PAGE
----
North of Narvik

Havøysund, Finnmark

This post celebrates Europe’s most northerly reaches. I have just returned from a Scandinavian trip where I travelled between Stockholm, Sweden and Kirkenes close to the Russian and Finnish borders in Norway’s far north. Most of the travel, which was by means of train, bus and coastal Hurtigruten boat, was within the Arctic circle. My journey took in wonderful places like the magical Lofoten Islands and the so-called ‘Arctic Capital’, Tromsø, but most affecting were the small coastal communities that lay isolated yet self-contained and unperturbed along the coast of Finnmark in Norway’s most northerly region. I will say more of these in future posts but, for now, here is a selection of fairly random images from Arctic Norway.

Harstad, Vesterålen

Kjøllefjord, Finnmark

Honningsvåg, Finnmark

Reine, Moskenes, Lofoten

Å, Moskenes, LofotenStamsund, Vestvågøy, Lofoten

Close to Mehamn, 71°N


About East of Elveden

Hidden places, secret histories and unsung geography from the east of England and beyond
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18 Responses to North of Narvik

  1. Nicely evocative images. I very much like that area east of North Cape. I once spent a spell exploring small communities along that coast like Kongsfjord, Batsfjord, Sandfjord and Vardo. in the latest issue of hidden europe magazine, I also wrote about a journey south from Kirkenes up the Pasvik Valley to Nyrud and beyond. An fascinatiing area where Lutheranism rubs shoulders with Orthodoxy. I look forward to further reports, Laurence.

    • Thanks, Nicky. I would loved to have travelled south of Kirkenes along the Pasvik Valley – it would look ravishing this time of year with the birch leaves turning golden. There was no time, I’m afraid. There is a daily bus south from Kirkenes along the valley to Nyrud but it does not come back until the next day – unfortunately, we had a flight to catch.

  2. Duncan Smith says:

    Marvellous photographs. Especially those seagulls. Thanks for sharing.

  3. dianajhale says:

    Very envious! I have always wanted to do the Hurtigruten voyage especially to see the Lofoten Islands. I didn’t manage to go to the North when I went to Norway. Look forward to further posts!

    • I had wanted to do this for years as well. The only bit of Norway we saw was Arctic, and marvellous it was too. I’d love to visit southern Norway sometime too – I had better start saving.

  4. paul says:

    Wonderful pictures. It is also one of my “travel ambitions”, and further fueled when I see things like this.

  5. Thanks, Paul. I am delighted that this has fueled your travel ambition. Scandinavia is a very new area for me, although I have long wanted to visit. Next time, I would maybe want to concentrate on just a small area – camping perhaps.

  6. Lucky you who have been to Reine and Å. I have only been in Lofoten for 2-3 hours, but I am going back. The most lovely picture of this collection was the one from the rainy window. Both the rain, the geranium flower and the cod liver oil-bottle is so typical norwegian.. 😉

  7. We stayed in Reine for two nights and just visited Å for the day – the wettest day of our entire trip in fact. Everywhere was closed but we did find shelter and sanctuary in the various buildings that make up the fishing museum. It is certainly a magical place, even if it is effectively an outdoor museum these days.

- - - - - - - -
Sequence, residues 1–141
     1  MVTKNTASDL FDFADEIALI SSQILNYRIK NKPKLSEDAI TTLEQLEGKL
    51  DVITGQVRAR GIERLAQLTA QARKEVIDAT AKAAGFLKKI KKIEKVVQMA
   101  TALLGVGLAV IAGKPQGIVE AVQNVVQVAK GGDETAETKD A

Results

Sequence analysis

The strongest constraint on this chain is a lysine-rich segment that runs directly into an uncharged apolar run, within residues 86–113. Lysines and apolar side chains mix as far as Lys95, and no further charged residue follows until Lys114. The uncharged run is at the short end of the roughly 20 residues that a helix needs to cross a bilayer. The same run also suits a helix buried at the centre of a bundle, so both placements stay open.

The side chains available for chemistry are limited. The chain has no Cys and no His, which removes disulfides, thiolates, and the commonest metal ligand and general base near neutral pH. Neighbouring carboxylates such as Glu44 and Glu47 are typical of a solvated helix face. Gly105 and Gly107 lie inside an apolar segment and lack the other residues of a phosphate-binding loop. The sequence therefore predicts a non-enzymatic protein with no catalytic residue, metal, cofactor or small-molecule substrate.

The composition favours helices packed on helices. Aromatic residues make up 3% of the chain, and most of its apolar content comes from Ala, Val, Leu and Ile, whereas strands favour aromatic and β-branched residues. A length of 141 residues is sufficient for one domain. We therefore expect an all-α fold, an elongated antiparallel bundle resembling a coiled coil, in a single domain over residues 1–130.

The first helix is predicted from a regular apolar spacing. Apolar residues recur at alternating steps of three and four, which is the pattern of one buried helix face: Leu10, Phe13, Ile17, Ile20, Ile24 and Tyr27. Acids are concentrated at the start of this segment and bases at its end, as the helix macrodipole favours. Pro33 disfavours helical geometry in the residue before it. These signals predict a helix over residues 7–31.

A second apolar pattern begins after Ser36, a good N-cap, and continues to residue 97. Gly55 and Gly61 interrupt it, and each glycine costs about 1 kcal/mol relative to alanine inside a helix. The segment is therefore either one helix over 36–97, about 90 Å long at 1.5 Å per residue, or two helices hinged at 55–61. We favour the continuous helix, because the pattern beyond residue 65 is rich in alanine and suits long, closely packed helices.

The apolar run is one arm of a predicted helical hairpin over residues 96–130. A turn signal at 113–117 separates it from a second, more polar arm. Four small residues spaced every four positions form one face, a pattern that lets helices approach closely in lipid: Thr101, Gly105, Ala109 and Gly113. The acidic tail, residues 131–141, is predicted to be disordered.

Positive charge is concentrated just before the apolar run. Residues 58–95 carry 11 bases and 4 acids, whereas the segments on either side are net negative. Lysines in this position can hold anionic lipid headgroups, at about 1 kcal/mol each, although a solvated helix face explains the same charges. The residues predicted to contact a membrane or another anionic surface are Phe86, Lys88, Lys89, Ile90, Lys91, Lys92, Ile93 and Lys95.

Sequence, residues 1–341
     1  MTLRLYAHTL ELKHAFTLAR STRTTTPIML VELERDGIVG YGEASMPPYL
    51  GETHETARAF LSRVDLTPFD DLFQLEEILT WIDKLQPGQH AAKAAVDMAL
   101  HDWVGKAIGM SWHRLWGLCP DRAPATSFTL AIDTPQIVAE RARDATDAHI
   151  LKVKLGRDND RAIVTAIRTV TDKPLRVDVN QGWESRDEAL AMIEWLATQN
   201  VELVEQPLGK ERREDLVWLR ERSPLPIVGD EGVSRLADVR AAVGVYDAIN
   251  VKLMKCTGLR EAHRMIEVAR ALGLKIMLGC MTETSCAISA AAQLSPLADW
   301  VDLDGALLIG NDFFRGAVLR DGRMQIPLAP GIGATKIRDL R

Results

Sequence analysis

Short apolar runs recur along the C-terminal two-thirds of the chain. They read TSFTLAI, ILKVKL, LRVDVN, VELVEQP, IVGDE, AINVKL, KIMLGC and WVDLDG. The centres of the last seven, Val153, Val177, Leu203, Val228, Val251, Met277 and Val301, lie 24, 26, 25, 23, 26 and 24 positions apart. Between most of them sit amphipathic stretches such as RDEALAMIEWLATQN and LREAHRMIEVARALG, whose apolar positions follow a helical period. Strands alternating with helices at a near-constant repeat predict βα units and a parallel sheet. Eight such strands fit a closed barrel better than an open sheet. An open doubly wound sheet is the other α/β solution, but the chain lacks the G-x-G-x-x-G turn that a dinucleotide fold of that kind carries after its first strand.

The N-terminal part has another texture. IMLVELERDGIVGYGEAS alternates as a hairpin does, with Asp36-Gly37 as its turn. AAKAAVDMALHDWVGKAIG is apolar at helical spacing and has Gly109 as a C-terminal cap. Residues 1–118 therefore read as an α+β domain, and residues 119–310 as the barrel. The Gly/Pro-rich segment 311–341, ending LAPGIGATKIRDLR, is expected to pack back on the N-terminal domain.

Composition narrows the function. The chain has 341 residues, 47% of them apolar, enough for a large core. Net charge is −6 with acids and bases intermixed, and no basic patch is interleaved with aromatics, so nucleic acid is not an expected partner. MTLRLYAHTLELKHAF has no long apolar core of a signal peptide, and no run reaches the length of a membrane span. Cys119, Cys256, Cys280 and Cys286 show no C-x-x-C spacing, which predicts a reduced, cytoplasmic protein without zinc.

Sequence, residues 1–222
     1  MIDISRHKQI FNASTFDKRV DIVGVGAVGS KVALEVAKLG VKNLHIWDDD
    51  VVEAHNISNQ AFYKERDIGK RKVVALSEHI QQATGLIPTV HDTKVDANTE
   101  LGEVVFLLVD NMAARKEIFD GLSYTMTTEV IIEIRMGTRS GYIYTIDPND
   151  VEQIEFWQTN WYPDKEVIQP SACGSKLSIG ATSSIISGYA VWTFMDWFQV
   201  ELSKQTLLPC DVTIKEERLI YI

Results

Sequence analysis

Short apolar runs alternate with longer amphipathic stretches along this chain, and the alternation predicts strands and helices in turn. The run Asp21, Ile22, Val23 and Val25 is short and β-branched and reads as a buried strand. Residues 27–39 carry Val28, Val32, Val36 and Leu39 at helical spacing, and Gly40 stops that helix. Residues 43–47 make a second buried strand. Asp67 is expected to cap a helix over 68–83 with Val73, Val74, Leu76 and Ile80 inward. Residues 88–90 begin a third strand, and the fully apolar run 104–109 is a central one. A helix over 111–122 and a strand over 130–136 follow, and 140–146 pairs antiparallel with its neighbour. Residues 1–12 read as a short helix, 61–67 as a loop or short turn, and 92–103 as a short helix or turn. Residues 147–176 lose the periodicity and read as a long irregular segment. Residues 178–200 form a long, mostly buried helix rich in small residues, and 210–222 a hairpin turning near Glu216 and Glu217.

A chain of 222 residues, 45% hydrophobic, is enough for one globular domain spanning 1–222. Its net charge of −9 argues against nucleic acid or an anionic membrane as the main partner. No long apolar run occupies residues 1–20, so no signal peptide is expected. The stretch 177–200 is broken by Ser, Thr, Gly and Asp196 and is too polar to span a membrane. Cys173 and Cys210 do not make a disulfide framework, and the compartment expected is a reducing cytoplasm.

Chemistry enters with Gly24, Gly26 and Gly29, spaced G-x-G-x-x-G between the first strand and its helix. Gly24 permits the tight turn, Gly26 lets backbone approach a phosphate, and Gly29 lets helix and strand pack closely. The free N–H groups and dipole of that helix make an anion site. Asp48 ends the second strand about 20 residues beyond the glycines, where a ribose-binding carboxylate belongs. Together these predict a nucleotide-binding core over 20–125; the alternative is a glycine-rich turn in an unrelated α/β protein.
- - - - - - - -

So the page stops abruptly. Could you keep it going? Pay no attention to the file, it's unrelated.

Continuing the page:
8. Exquisite set of images, Laurence. Those grey skies and bleached landscapes speak deeply to me, though I’ve never travelled anywhere near the Arctic circle. For now I’m journeying through your eyes. Thanks…

  9. These images give me the best sense of Norway that I’ve ever seen and Scandinavia has always been on my Bucket list. How wonderful. I will look forward to future posts.

  10. Julian and Cindy, thank you both for your kind words. The Arctic Norwegian landscape and light is so gorgeous that, as a photographer, all you need to do is try and keep the horizon straight. It was my first time in Scandinavia too (apart froma brief Iceland trip a few years ago) and the Arctic has long held an appeal for me.

  11. Klausbernd says:

    It`s funny, I just found your blog by accident. Iàm living not far from you in Cley-next-the-Sea. I am a German author who loves the north as well and especially how you see it. Great pictures, indeed.
    Thanks a lot

  12. Thanks for posting, Klausbernd. Ah Cley – somewhere I know quite well, and still my favourite place on the north Norfolk coast even though I am no longer a very active birdwatcher. I love the feeling of being ‘on the edge’ (but not ‘on edge’) there. Your blog looks fascinating but unfortunately my German is very limited and Bing translator seems to just produce gibberish.

  13. dobraszczyk says:

    Lovely work here. I camped at Narvik 6 years ago and longed to take a boat to the Lofoten islands but had to get back for a conference in Stockholm. I still remember most clearly the almost everlasting sunset in mid-August, where time seemed to stand still.

  14. Never been but appetite suitably whetted. Big skies! Also currently reading John Burnside’s latest novel ‘A Summer of Drowning’ which is located up in the Arctic Circle so images also very evocative of that.

  15. Thanks both for your comments. Alas there are longer boats from Narvik to Lofoten now that the islands are fully connected by bridges and tunnels. Nevertheless, it is still a fantastically scenic 8-hour bus journey from Narvik all the way down south to Å.

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